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Thursday, April 15, 2010

Can you see the Milky Way from your campsite?

One of the compelling features of boondocking away from the trappings of civilization is the dark sky at night. I am always blown away by the uncountable stars flickering in a sky not affected by light pollution. When not out in the boonies, I get aggravated when I look out my motorhome window at night to see the stars and all I can see is what is illuminated by my neighbor's porch light or the security lamps in campgrounds, effectively canceling out the carpet of glittering milky way stars and the imaginative images of the constellations scattered about the universe.

It's not just me that feels disrupted. Nocturnal animals are frequently disoriented by city lights. Migratory birds lose their way without the ability to see the stars, and leatherback sea turtles, that lay their eggs on sandy beaches, are often led astray by lights from beachside developments.

Light pollution affects nocturnal creatures, astronomical facilities, ecologically sensitive habitats, and our energy consumption according to the International Dark-Sky Association (IDA). Founded in 1988, the IDA's mission is to preserve dark skies all around the world for the benefit of mankind.

Part of the IDA's focus has been in their International Dark Sky Places program, certifying locations with exceptional nightscapes as International Dark Sky Communities (IDSC), International Dark Sky Reserves (IDSR), and International Dark Sky Parks (IDSP)--"a park or other public land possessing exceptional starry night skies and natural nocturnal habitat where light pollution is mitigated and natural darkness is valuable as an important educational, cultural, scenic, and natural resource."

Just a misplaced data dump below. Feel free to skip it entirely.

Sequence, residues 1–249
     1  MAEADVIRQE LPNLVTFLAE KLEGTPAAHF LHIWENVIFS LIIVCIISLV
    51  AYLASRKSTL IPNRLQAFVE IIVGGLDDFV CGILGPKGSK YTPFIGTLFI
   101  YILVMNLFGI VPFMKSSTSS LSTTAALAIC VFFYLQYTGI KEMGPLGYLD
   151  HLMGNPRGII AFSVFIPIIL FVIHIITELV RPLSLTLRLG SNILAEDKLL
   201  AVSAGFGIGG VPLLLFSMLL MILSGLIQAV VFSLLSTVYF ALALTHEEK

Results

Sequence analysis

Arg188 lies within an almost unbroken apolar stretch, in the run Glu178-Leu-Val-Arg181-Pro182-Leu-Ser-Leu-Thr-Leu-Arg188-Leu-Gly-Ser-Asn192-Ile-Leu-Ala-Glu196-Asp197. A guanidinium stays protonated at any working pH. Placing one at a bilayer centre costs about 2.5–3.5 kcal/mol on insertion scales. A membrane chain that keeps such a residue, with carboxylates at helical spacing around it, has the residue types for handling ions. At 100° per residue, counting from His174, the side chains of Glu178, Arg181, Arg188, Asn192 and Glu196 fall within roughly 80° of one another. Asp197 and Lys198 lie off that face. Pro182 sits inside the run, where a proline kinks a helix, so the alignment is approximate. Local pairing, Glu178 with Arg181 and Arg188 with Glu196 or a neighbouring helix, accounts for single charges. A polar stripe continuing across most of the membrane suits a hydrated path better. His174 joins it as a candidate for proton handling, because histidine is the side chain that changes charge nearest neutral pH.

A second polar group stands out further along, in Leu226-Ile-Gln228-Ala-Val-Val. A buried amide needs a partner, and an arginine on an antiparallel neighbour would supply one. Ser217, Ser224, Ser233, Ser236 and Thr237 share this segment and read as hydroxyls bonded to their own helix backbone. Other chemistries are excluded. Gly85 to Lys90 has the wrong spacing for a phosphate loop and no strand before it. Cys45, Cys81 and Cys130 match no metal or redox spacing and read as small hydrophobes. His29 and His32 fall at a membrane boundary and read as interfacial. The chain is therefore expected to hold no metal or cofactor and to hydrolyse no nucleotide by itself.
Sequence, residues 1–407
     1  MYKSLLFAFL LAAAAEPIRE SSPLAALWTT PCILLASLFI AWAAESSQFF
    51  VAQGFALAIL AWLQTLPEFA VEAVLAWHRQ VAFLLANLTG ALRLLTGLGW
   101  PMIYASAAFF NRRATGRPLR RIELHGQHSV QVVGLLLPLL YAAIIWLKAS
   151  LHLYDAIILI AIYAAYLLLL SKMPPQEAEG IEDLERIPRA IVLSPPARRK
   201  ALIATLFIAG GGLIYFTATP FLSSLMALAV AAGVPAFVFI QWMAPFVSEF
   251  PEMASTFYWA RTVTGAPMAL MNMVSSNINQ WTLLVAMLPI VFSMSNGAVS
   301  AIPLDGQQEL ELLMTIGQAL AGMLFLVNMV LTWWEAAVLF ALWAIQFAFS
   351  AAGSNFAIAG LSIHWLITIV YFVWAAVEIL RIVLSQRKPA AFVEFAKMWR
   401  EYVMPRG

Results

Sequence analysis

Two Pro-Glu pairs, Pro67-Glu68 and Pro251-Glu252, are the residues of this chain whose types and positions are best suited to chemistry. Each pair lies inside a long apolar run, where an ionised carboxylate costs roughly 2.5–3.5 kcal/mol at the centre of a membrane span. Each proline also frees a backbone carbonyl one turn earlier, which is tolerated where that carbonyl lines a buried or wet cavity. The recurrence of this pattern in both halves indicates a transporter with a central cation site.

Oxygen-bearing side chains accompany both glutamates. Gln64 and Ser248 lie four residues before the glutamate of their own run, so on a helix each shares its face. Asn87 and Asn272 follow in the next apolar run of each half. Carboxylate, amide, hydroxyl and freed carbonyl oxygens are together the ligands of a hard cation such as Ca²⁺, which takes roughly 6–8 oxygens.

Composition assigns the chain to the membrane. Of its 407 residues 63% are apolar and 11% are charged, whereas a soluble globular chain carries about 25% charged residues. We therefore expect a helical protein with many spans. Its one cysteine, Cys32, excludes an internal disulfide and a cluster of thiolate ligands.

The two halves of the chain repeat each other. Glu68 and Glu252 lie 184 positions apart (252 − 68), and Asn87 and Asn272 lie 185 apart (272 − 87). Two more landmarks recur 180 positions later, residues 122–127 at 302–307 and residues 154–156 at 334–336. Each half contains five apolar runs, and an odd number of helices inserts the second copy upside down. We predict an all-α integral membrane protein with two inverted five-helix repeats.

Only two Dark-Sky Parks have been designated in the US, one is Natural Bridges National Monument in Southeastern Utah. The NPS recognizes bright and starry skies as part of the scenery of its parks, minimizing light pollution whenever possible.

The second is Cherry Springs State Park, a 48-acre state park (including a 30-site primitive campground with dump station) in north central Pennsylvania that is surrounded by the 262,000-acre Susquehannock State Forest.

Lake Hudson Recreation Area (Southern Michigan off the west end of Lake Erie) is a Dark Sky Preserve (one of only two in the US). The other is Potawatomi Wildlife Park in Indiana about half way between Fort Wayne and Gary.

Recent calculations suggest that "two-thirds of humanity lives under skies polluted with light, and one-fifth can no longer see the Milky Way" says National Geographic.

There are also places where you can see the glorious night sky other than in designated preserves or parks. If you are lucky enough to be able to snowbird in the southwestern deserts, you will be able to find many boondocking locations with few lights and bright star-sprinkled clear skies. And after your eyes adjust to the darkness, not only will you see a sky full of stars, you just might spot a nocturnal kangaroo rat, kit fox, or a wily coyote on the hunt.

Check out Bob Difley's eBooks on Boondocking and saving money on the road at

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